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Getting To Grips With Calligraphy

Author : Callum Asterman

So which skill is slowly suffering as a result of this shift? Handwriting, of course! Obviously handwriting this article would be tiresome and a waste of time, and believe me, relying on my failing eyesight to scan my everyday writing would be a total non-starter. But that's not really the type of handwriting I'm referring to anyway. The skill and artistic creativeness of the calligrapher is what I'm referring to here.

Calligraphy has a habit of coming back into fashion every time technology creates a new alternative to putting pen to paper. Sure, we can all see the advantages of whizzing out letters on the computer, making corrections and editing as we go. We might even experiment with fonts to really show how Trebuchet we are. But the point of calligraphy is not to replace electronic techniques – or even handwriting for that matter. Calligraphy is not purely about communicating, rather about doing it beautifully in art.

Computers are fine for some things but nothing beats the freedom and creative scope of pen and paper. Even though a calligraphic computerised font might have an artificially classic look to it, it lacks something only humans can create: imperfection. That imperfection imbalance is also something also found in digital music creation, where tools now exist to make the music creations slightly less-perfect so that it appears more normal, more imperfect.

There's also something incredibly satisfying about receiving a hand-written letter done with beautifully care and attention. Even a few words in fine script make you imagine the writer, pen and ink in hand, giving all their attention to making it look as nices possible for you.

Calligraphy is surprisingly simple to pick up, if not to master. One of the unique aspects of calligraphic hand is that the fountain pens used are specially designed to allow the creation of different marks depend on their orientation. This allows the pen to create different thickness of line along a single stroke. So if the nib is diagonal, bottom left to top right, a letter O will have a thin top left and bottom right, gradually getting thicker towards the top right and bottom left. Consider this effect on the whole alphabet and punctuation, and the page can take on an almost three-dimensional look, as if enhanced by shadows and highlights. Throw in a few twirls and loops and you'll have writing that's full of character and style.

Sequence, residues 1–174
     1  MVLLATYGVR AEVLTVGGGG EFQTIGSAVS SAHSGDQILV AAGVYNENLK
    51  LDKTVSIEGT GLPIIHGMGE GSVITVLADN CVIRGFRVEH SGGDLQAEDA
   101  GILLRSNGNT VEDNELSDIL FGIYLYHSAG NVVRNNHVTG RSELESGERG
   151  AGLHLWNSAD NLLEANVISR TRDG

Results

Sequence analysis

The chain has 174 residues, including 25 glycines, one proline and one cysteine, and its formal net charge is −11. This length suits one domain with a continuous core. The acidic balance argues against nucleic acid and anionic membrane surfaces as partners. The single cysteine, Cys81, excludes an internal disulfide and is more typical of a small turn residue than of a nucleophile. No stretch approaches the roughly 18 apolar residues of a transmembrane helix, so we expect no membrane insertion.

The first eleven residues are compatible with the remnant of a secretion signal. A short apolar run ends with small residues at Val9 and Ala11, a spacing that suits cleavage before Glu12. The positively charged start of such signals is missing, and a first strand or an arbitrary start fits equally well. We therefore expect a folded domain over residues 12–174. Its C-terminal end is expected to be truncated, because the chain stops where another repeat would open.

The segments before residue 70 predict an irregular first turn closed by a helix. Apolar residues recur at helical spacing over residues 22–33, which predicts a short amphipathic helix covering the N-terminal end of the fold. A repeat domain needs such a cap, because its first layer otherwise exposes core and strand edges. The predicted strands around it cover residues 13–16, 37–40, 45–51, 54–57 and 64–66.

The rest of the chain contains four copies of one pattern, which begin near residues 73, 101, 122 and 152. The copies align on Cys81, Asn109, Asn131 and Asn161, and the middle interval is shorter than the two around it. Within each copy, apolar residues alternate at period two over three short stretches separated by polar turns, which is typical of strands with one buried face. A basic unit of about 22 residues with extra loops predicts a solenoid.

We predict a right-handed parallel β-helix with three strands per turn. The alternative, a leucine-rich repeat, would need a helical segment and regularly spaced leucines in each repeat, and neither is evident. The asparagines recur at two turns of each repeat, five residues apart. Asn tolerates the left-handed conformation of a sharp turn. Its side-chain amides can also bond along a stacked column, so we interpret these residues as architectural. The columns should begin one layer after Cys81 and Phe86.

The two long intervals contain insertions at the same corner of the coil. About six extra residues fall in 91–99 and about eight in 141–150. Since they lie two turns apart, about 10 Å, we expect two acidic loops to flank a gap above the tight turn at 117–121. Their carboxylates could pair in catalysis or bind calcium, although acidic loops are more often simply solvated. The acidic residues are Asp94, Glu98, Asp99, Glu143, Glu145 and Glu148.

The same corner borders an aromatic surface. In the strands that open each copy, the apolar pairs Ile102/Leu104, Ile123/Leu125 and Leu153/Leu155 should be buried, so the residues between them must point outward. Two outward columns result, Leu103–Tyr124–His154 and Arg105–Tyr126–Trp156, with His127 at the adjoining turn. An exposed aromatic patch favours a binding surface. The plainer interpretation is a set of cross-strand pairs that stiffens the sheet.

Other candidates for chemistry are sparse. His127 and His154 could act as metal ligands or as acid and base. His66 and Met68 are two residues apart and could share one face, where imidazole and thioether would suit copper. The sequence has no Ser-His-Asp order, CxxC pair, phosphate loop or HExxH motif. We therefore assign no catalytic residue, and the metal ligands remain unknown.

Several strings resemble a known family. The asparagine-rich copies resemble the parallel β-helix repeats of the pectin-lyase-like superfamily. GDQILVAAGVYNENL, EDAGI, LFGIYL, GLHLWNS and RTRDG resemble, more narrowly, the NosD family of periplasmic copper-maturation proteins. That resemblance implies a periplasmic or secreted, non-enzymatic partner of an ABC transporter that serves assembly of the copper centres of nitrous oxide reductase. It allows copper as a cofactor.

You can make sure your fine handwriting doesn't fade away, and enjoy yourself thoroughly, by giving calligraphy a go. Most art materials stockists will keep a range of pens with nibs of varying dimensions, and for that professional look you can experiment writing on parchments and quality papers to give your work a final authentic appeal. Beautiful writing should not die forever, so give calligraphy a go.

Author's Resource Box

Callum is an art fan and artist himself covering techniques and products like calligraphy markers and other art materials. Callums work encompasses modern hobbies and traditional art styles for artists of all levels.

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Tags:   calligraphy markers, calligraphy

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Submitted : 2011-02-01    Word Count : 591    Times Viewed: 493